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Curr Med Res Opin. 2007 Sep;23(9):2205-11.

Ibuprofen versus paracetamol in pediatric fever: objective and subjective findings from a randomized, blinded study.

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University Fran├žois Rabelais, Tours, France.



The main objective of this study was to compare the single-dose efficacy of 15 mg/kg paracetamol (acetaminophen) versus 10 mg/kg ibuprofen in a general practice setting.


Children from the age of 3 months to 12 years with a fever of non-serious origin were randomized to receive either ibuprofen or paracetamol. The first dose was given double-blind, using a double-dummy technique. Tympanic temperature was measured at baseline and over the following 8 hours. The second and subsequent doses were administered open-label for up to 3 days by parents at home. At the end of the double-blind and the open-label periods, parents were asked to subjectively rate the efficacy of the product and state whether they would treat their child with the product again. The primary endpoint of the study was the area under the temperature reduction curve expressed as an absolute difference from baseline, from 0 to 6 hours (AUC(0-6)). Secondary efficacy endpoints included a variety of objective and subjective measures.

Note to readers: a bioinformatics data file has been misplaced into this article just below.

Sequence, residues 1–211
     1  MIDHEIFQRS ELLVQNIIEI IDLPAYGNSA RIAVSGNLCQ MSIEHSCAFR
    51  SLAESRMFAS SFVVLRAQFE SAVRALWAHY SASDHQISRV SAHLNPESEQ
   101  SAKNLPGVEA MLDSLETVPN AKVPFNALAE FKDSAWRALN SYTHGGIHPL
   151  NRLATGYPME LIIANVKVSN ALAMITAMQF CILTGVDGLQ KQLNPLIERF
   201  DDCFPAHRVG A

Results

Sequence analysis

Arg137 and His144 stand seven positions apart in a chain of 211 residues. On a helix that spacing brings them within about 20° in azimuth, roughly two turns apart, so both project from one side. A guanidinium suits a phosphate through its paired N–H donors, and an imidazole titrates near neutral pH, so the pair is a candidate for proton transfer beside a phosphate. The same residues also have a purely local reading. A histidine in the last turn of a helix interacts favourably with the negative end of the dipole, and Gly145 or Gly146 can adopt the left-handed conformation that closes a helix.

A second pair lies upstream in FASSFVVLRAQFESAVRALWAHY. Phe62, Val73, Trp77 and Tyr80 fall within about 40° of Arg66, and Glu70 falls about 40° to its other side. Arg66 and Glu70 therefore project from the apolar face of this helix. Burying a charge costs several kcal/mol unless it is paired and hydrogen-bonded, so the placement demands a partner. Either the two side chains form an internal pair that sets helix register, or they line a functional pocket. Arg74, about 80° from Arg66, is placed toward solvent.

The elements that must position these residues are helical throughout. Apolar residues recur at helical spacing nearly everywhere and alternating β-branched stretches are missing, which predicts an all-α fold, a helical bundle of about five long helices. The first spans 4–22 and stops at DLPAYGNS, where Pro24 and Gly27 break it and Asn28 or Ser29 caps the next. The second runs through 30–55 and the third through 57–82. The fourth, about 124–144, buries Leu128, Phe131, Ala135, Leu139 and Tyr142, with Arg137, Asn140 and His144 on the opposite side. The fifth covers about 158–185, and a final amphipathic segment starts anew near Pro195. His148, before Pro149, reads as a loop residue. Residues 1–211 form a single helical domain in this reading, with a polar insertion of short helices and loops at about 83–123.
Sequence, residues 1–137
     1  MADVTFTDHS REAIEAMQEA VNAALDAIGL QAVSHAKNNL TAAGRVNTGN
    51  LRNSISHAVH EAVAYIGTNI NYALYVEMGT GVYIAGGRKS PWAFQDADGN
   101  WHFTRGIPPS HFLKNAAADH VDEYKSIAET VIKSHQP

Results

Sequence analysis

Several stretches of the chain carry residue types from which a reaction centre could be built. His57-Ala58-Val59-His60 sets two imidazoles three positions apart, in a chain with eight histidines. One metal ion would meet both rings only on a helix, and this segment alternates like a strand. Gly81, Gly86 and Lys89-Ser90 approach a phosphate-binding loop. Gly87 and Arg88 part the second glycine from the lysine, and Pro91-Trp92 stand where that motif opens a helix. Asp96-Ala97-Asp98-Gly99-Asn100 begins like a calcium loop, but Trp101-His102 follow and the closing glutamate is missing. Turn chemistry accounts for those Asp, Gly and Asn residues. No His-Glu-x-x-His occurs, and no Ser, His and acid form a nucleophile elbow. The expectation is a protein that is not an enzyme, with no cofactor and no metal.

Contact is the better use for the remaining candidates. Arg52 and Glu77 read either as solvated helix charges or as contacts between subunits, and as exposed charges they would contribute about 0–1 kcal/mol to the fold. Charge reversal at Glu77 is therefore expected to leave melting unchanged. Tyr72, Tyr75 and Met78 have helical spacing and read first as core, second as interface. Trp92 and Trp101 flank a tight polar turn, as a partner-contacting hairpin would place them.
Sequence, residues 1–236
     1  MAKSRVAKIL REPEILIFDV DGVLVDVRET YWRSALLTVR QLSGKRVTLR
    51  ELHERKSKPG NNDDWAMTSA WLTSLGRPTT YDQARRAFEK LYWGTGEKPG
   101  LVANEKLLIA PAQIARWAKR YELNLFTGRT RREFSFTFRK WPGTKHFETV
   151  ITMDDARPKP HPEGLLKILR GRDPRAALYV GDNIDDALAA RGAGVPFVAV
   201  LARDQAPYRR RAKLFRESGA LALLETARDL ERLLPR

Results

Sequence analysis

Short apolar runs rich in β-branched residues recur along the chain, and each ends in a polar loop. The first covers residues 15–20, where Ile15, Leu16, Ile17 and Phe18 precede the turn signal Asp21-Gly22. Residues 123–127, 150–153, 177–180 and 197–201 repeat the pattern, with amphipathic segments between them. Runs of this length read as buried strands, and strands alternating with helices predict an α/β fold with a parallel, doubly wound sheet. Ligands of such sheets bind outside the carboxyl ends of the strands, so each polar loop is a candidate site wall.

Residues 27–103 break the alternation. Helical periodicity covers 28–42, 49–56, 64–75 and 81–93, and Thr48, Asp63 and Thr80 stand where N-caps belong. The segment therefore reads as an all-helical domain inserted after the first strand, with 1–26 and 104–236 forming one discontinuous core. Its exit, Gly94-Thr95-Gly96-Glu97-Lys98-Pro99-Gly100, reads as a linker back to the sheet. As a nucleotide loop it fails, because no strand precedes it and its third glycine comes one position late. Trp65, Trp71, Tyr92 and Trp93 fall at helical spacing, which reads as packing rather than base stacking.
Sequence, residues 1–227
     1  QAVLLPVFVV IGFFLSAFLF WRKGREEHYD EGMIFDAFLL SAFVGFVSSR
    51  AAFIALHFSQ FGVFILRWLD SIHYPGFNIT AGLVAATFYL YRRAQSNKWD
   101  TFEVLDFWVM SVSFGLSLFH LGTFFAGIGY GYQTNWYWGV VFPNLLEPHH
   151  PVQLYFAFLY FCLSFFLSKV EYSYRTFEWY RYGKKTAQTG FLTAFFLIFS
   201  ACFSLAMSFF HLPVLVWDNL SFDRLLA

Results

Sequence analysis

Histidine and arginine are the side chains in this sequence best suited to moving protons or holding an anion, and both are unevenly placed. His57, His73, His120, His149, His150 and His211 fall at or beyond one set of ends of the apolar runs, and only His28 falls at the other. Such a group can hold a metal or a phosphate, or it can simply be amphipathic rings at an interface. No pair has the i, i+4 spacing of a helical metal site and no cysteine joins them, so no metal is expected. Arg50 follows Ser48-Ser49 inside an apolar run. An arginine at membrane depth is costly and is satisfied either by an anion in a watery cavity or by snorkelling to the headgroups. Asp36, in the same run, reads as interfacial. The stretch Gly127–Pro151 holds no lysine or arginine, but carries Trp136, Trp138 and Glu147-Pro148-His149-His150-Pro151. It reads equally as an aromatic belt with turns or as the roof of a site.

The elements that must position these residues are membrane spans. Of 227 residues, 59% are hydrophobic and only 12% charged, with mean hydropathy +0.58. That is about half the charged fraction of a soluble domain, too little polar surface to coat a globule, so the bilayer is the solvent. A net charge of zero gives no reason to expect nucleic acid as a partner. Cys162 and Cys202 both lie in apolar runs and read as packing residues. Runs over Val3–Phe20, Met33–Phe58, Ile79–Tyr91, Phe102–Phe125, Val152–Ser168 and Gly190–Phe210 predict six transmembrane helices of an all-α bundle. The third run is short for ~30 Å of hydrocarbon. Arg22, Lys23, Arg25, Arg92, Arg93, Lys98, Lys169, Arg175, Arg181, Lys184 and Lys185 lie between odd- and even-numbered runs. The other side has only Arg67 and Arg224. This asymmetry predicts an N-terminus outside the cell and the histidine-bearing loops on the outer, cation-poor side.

No statistically significant differences in the primary endpoint or any of the objective secondary endpoints were observed. Both agents were equally well tolerated. Compared with parents in the paracetamol group, significantly more parents in the ibuprofen group rated the drug as very efficacious, and reported that they would use the drug again in both the double-blind and open-label phases of the study.


Ibuprofen at a dose of 10 mg/kg and paracetamol at a dose of 15 mg/kg have equivalent efficacy and tolerability; parental opinion in favor of ibuprofen could be explained by additional benefits of ibuprofen that were not measured in this trial and helped allay their anxiety over the treatment of their child.

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